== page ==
Defender's Guide to Science and Creationism

Mark Vuletic


The genetic distance between bacteria and humans is the same as that between bacteria and plants.


One of the many striking pieces of evidence for evolution is the way that molecular phylogenies based upon neutral mutations generally match evolutionary expectations based upon the fossil record and morphological and biogeographical analysis. While there is no reason to expect a creator to specifically arrange useless mutations to match evolutionary predictions, it is a key prediction of evolutionary theory. However, some creationists actually argue that the evidence refutes evolution. Why?

One of the reasons is because of anomalies: creationists seize upon occasional anomalous results within the realm of expected error, and portray them either as representative of the results in general, or as somehow fatal to evolutionary theory. The error with such reasoning is readily evident. However, more important is the following: suppose we are about to measure the genetic distance from protozoa to redwood trees, fruit flies, and humans. What should we expect the data to look like? You might reason as follows: since we seem to think we can arrange these four types of organisms from most primitive to most advanced, it should follow that the genetic distance from protozoa to the other organisms should get larger and larger as one moves towards humans. But this is not what we see. In fact, the genetic distance from protozoa to any of those organisms is approximately the same. This kind of analysis has been done with many different organisms, and the same pattern keeps on arising: a primitive organism has (approximately) the same genetic distance to any more advanced organism. Creationists argue that this flies in the face of evolutionary expectations. Does it?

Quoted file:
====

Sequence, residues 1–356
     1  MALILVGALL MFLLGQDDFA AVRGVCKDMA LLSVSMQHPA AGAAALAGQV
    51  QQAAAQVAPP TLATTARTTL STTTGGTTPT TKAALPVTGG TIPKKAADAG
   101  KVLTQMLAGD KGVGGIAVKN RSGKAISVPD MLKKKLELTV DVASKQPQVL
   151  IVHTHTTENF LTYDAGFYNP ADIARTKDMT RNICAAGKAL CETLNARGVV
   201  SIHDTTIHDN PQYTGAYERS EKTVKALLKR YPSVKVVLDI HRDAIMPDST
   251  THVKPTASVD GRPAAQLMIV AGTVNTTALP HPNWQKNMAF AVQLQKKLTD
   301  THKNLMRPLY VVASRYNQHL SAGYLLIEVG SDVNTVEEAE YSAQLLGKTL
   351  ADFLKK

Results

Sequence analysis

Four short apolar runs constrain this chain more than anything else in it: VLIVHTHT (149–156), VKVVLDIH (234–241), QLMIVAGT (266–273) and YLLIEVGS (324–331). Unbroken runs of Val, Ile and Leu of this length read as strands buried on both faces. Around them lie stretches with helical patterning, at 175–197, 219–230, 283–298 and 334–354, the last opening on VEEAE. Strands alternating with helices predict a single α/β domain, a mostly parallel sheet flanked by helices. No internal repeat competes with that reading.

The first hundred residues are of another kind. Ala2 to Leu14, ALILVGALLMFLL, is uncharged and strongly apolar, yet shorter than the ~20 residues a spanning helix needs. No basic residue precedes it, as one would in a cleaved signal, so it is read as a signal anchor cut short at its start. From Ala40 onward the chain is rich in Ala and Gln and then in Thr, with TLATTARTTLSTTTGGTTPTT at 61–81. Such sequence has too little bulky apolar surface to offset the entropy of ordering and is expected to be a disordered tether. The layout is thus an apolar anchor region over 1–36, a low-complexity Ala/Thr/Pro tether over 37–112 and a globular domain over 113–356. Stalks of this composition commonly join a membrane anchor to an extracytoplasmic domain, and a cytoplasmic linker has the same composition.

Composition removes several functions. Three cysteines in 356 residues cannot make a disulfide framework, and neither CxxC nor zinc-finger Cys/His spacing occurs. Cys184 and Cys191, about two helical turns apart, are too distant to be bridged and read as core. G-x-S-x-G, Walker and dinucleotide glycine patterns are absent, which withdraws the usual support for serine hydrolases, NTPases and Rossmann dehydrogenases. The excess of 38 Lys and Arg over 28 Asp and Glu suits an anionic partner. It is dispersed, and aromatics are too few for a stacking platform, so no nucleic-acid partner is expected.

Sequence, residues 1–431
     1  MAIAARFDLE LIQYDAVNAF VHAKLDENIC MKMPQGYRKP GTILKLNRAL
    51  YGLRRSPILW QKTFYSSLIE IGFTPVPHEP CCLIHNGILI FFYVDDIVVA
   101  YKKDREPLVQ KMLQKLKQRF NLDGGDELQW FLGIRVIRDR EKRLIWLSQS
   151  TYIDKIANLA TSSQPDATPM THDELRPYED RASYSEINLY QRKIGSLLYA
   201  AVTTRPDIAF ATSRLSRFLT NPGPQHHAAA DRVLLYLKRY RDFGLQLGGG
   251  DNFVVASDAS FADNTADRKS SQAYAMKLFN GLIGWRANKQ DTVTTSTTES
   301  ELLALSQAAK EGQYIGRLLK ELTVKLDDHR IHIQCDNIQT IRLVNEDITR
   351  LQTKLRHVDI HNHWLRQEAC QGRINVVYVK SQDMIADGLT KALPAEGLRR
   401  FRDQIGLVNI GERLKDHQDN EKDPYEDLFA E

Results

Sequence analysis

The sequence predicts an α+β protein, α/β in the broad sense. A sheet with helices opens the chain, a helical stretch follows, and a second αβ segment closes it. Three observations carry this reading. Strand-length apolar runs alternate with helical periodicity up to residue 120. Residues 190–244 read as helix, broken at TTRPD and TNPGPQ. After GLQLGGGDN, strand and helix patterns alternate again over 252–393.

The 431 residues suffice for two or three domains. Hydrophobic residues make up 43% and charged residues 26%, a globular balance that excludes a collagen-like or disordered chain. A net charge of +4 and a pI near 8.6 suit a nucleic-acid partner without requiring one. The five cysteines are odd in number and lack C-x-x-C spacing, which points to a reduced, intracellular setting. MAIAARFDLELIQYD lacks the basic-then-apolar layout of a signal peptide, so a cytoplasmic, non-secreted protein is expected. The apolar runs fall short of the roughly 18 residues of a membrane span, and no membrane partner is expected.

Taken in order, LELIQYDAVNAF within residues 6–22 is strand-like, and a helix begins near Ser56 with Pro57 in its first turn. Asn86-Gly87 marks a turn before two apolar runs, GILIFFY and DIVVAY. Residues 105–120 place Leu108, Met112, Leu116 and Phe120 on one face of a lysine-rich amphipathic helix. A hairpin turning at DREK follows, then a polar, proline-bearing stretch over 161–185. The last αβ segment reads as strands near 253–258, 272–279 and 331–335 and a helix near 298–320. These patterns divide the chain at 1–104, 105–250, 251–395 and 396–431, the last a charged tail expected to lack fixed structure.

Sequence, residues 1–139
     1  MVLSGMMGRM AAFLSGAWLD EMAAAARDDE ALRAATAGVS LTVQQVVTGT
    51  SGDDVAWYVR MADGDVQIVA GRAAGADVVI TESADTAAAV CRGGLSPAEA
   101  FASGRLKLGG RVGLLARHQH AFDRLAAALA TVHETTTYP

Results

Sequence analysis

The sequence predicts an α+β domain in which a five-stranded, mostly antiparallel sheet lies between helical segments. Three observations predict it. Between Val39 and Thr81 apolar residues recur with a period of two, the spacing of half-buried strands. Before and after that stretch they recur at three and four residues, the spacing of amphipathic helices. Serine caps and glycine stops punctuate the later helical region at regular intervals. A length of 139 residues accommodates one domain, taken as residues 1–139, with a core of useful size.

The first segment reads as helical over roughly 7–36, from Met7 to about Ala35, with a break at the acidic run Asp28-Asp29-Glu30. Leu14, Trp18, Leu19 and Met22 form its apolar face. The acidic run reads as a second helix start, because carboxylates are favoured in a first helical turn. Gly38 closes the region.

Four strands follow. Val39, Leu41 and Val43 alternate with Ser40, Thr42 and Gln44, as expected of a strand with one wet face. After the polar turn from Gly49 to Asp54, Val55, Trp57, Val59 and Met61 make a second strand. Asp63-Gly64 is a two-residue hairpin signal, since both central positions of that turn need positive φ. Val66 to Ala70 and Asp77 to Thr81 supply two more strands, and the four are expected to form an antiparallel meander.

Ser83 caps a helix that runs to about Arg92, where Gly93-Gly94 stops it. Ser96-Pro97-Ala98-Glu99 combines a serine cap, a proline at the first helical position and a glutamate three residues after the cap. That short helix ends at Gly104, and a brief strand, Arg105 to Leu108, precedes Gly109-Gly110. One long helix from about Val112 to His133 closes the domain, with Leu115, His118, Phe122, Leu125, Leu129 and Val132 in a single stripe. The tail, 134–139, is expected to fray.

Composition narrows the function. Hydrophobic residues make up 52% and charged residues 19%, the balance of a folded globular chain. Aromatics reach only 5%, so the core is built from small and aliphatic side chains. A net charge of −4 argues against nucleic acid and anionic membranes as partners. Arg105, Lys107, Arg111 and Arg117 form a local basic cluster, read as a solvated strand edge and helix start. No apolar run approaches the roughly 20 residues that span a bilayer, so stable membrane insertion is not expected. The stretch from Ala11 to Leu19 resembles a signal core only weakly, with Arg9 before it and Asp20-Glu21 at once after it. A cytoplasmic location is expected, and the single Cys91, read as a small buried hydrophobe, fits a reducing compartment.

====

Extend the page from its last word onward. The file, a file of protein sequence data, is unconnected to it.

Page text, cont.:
I. Evolutionary predictions

We're going to use a schematic example here. Let's try to find out what evolution predicts the relative genetic distances to be between H. sapiens (that's us), D. melanogaster (a species of fruit fly), S. sempervirens (Pacific coast redwood tree), and P. caudatum (a protozoan).

The evolutionary expectations for the relationships between these organisms in terms of common ancestry is given as follows: